Kay over at Georgia Girl With An English Heart wrote a blog yesterday about learning something new every day, and gave the example that she'd learned (from a dj on the radio) that the little fuel pump symbol on her dashboard will have a diamond or a triangle to the left or right to show where your fuel tank is. Mac said he didn't believe it and immediately went outside and checked both our cars and sure enough they each had the symbol indicating where the tank was. Handy to know when you're using a rental car and haven't a clue where the tank is.
She then asked us to tell something we'd learned, aside from the fuel tank. So I wrote that I'd just learned that Belgium had become a nation only in 1830 and was meant to be a neutral nation.
I learned that in an incredible book I'm reading, The Guns of August by Barbara Tuchman. This is not a new book, it was written in 1962 and won the Pulitzer Prize.
What it tells is the lead up to WWI and the first month, August, of the war. WWI is not a subject I know a lot about and with it being the 100th anniversary of the start of that war I decided to find out more about it.
I'm, according to my Kindle, about 50% of the way through the book and I'm blown away by the naivety, the thick-headedness, down right stupidity of many of the people who were in charge, the politicians, the generals, the diplomats, it's just mindboggling.
It became very clear that Germany and France both wanted the war, Germany to end what they considered their encirclement by the rest of Europe and France to make up for their defeat and humiliation in the 1870 Franco/Prussian War---not only did Germany defeat them, they had to allow the German army to march through Paris (which they had not taken in the war), they lost Alsace-Lorraine and they had to have German troops on their soil until they had paid war reparations that the Germans thought would take them years to pay (but they managed to pay off in a little over a year by nearly bankrupting the nation).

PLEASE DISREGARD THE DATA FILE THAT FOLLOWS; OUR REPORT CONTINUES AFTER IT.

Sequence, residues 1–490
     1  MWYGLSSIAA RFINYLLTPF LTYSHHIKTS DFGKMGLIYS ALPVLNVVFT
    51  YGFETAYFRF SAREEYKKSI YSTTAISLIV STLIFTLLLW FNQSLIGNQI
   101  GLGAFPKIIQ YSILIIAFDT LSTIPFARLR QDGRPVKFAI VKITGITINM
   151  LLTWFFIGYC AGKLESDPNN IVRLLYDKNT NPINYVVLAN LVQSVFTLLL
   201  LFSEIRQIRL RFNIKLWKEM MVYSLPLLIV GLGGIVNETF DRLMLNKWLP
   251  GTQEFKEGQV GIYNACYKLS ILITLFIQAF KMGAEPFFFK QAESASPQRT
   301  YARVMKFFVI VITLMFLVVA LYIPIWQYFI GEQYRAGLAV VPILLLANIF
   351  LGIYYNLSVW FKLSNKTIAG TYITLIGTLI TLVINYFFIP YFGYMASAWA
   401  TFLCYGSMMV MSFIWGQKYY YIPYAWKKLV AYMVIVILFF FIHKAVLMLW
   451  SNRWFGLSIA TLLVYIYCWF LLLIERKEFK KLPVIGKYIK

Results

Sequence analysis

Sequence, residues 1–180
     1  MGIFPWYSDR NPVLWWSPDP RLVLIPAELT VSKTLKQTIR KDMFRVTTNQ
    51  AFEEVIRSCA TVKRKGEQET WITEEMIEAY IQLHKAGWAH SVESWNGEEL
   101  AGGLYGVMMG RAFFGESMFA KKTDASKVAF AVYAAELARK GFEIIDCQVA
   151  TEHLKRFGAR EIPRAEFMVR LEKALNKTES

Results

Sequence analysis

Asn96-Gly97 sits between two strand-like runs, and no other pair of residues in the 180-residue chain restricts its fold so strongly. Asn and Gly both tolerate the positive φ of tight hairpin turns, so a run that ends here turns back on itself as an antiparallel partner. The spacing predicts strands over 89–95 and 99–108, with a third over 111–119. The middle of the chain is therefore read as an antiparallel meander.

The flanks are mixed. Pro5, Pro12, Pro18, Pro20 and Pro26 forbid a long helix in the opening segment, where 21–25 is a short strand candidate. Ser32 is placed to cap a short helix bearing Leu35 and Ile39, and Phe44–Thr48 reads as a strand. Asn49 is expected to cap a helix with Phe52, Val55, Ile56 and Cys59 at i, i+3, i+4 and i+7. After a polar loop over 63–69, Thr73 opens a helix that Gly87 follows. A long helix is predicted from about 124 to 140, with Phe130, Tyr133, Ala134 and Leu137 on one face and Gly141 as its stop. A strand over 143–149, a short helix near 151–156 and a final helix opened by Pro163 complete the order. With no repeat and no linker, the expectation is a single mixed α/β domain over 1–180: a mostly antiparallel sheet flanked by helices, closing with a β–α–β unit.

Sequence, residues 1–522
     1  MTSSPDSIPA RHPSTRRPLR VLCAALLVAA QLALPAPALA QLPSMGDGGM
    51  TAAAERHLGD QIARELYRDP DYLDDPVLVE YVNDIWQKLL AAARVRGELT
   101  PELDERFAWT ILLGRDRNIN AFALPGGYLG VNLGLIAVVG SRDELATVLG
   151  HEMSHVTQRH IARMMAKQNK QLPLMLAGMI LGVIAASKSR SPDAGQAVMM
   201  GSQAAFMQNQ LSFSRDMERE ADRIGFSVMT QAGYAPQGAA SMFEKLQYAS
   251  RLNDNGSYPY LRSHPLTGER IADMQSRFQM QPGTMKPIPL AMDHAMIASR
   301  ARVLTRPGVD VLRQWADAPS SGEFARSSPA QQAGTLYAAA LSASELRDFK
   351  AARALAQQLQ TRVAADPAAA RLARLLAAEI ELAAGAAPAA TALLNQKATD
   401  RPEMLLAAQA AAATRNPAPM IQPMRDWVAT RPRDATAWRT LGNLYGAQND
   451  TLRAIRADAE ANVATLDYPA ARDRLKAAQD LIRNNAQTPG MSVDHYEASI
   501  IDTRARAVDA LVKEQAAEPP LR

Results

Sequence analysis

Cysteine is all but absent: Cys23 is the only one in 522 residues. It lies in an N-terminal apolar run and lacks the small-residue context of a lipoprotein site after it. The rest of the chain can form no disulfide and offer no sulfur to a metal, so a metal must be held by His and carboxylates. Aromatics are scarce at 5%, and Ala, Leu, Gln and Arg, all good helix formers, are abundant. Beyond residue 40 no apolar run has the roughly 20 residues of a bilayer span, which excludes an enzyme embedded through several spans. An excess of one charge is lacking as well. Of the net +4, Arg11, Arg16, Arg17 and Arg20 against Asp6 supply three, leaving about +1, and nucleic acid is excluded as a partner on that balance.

Though there were treaties, alliances and detentes that brought others into the fight it was France and Germany who set the tone and time table.
England didn't really want to become involved in what they saw as another French/German war, but feared that if they didn't join France in the war that Germany would win easily and go on to dominate Europe, something England was not willing to have happen. They knew the people in England would need a good reason to support the war and Germany gave it to them by invading neutral Belgium.
The French were just so pig-headed, they (Joffre who was in charge) decided that only with"elan" could they win, they must be on the offensive, meet the Germans head on with calvary charges, bayonets at the ready. The Germans called up all their reserves, the other nations disdained them, had built huge artillery, made good use of machine guns and airplanes-----can you see where this is going?
We have visited Verdun in France and seen the rows of trenches, the ossuary where the bones of unidentified soldiers lay, the whole area is a museum and were horrified.
Fascinating book, I want to read more about WWI.